Geely Purchase Of Mercedes Stake Prompts Hopes, Fears.
Could It Delay The Expected Truck Float?
“Geely won’t be the last to make a move on German auto assets”
Investors wondered how to figure out the significance of Zhejiang Geely Holding Group’s purchase for around $9 billion of a close to 10 per cent stake in Daimler and worried that it might interfere with the expected flotation of the trucks subsidiary.
They also believed this would not be the last Chinese foray into the European industry. The last big Chinese move into Europe was Dongfeng’s purchase of 14 per cent in PSA Group when the French state bought the same amount to bail out the company.
Investment researcher Evercore ISI said spending this big meant it was more than just an investment and expected cooperation deals between Geely and Mercedes.
Geely also wants Mercedes expertise on electric cars and autonomous ones.
Geely owns Volvo Cars and 8.2 per cent of Volvo Trucks. It also owns black taxi maker London Electric Vehicle Company, nearly half of Malaysia’s Proton and a controlling interest in British sports car maker Lotus. Geely is expected to launch its own brand Lynck & Co in Europe next year.
“Geely could seek a strategic/component-sharing/purchasing alliance between Volvo Cars and Mercedes, however this clearly this will not be happening overnight,” Evercore ISI analyst Arndt Ellinghorst said.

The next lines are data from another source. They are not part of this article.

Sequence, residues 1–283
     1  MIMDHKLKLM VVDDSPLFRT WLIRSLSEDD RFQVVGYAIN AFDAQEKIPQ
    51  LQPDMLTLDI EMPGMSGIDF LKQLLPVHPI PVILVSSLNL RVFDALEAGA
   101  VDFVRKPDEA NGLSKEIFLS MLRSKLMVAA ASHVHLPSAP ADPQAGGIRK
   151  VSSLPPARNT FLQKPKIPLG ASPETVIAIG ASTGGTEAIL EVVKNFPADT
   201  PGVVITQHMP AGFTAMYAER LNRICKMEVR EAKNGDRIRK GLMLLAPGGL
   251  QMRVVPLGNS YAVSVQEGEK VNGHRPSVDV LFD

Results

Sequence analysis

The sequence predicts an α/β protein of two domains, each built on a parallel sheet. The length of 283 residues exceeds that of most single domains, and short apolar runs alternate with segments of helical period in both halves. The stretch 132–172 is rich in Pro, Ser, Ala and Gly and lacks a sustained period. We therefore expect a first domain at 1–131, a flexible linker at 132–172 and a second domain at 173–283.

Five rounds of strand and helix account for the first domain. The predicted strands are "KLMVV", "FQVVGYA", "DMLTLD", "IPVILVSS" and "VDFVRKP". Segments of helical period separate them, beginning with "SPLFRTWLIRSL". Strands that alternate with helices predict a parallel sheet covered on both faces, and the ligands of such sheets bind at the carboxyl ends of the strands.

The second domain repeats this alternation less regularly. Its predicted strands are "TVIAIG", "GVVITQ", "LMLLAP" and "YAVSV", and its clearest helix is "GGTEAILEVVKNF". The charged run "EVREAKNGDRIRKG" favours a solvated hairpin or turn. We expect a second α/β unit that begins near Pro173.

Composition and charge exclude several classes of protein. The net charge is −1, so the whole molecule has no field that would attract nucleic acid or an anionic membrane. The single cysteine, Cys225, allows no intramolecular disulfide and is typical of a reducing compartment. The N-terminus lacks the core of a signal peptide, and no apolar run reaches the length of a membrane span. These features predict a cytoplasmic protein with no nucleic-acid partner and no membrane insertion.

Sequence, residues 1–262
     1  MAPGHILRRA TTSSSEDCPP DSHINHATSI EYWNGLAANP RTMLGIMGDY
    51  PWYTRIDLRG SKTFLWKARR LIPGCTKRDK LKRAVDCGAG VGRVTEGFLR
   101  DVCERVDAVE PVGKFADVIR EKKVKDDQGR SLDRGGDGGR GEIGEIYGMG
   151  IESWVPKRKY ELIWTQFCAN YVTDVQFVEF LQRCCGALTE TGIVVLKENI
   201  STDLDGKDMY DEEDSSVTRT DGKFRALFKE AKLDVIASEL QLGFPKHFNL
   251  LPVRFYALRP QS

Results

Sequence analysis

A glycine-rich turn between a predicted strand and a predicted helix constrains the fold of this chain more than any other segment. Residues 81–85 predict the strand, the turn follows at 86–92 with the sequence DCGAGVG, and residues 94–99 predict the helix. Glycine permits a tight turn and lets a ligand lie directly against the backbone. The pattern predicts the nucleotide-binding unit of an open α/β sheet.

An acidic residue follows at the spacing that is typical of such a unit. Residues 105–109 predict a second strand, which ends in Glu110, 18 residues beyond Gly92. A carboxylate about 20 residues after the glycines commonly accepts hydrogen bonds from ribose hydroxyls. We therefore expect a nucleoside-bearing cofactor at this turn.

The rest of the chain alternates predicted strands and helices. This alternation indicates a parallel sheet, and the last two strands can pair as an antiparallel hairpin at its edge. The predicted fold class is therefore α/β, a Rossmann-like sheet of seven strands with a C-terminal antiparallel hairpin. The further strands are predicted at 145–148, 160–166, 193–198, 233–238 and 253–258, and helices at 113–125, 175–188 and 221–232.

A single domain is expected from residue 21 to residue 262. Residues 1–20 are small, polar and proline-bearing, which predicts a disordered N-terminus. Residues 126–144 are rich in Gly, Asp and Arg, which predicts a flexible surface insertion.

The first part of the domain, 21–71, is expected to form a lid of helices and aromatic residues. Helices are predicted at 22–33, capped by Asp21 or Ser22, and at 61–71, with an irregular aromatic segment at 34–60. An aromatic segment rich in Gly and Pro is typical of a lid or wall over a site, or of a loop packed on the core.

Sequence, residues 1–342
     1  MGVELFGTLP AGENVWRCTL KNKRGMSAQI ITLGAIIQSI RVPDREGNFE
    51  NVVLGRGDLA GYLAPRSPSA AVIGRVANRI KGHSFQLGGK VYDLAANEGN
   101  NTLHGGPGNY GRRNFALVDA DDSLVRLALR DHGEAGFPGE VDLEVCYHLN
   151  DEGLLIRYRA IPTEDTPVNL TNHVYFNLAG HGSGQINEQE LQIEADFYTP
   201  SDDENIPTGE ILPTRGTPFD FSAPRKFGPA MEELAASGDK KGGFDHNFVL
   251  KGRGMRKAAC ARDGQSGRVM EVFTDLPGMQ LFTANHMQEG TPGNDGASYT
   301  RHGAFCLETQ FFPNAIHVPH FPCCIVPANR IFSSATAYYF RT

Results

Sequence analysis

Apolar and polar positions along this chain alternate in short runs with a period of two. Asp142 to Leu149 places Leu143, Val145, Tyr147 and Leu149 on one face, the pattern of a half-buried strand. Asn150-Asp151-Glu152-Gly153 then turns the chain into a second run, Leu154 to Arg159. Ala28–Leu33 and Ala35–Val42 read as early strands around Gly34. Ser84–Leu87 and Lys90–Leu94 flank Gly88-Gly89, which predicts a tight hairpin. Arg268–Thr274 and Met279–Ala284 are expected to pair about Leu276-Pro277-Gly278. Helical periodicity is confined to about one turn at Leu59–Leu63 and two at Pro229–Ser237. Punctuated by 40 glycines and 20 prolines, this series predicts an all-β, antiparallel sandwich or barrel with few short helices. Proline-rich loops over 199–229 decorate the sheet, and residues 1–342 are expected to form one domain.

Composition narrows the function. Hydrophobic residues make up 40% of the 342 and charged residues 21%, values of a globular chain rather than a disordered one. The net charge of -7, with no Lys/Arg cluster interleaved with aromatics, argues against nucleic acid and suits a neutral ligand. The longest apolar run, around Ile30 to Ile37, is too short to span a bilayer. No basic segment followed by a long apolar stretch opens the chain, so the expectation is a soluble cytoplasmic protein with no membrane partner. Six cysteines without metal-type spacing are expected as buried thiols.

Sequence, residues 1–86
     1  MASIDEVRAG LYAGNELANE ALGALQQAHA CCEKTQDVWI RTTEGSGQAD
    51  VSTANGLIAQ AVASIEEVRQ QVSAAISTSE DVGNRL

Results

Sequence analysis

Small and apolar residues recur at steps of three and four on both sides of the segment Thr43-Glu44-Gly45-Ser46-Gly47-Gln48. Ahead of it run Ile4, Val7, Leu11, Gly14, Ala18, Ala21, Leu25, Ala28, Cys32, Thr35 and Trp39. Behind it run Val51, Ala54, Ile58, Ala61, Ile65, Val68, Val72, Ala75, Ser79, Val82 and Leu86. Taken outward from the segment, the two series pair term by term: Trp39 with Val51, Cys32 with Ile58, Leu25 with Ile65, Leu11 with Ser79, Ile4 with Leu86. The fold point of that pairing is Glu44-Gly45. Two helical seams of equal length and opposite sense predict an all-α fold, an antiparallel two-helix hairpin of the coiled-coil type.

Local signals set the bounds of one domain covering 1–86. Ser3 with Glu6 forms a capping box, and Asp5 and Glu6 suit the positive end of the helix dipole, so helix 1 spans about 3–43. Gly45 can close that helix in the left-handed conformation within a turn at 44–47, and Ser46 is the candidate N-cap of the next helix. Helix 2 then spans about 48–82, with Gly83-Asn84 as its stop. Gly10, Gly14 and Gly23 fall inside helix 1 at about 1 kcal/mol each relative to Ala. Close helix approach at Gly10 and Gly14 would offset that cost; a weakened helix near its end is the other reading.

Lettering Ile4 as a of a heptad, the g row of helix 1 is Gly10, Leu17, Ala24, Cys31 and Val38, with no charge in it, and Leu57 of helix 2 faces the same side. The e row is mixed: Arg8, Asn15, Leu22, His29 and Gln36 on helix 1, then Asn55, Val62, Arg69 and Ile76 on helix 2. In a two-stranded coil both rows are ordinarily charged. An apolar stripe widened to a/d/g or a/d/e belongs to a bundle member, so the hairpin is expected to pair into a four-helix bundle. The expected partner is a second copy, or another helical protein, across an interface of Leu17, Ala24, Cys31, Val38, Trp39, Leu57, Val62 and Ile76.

Ellinghorst wondered if Geely would seek a seat on Daimler’s board, which would as a competitor potentially be a problem when confidential matters were discussed. Volvo Cars needs scale and a partnership with Mercedes Cars would assure its future, he said.
Bernstein Research analyst Max Warburton had questions.
“How does this fit with Volvo Cars and the stake in Volvo Trucks? Will this pose anti-trust issues? Is the plan to get Mercedes cars and Volvo cars to work together? Does this change Daimler’s joint venture plans in China in the medium term? Will this derail the Daimler (truck) de-merger”, Warburton said.
“It’s not clear what Geely wants and how it’s going to work, but we view this move as part of a broader Chinese move to gain involvement in the European automotive industry,” he said.
“China wants a payback after spending a decade gifting the European auto industry super-normal growth and profits. Now it wants more direct access to technology, brands and profits. Geely won’t be the last to make a move on German auto assets, in our view. We’re going to have to get used to the automotive world continuing to spin ever faster,” said Warburton.
More questions came from investment researcher Jefferies.
“An investment which raises a number of interesting questions about 1) potential strategic influence as Daimler considers some corporate restructuring (trucks) and 2) China’s global auto investment strategy as funding sources for the investment are unclear at this stage and the Chinese auto industry could do with some rationalization,” said Jefferies analyst Philippe Houchois.
Houchois also pointed out that the German government would be expected to be sitting up and listening.
“We also note that Daimler is one of few large manufacturers without a core influential shareholder, like GM. However we would expect the German government to have an interest in any development,” Houchois said.
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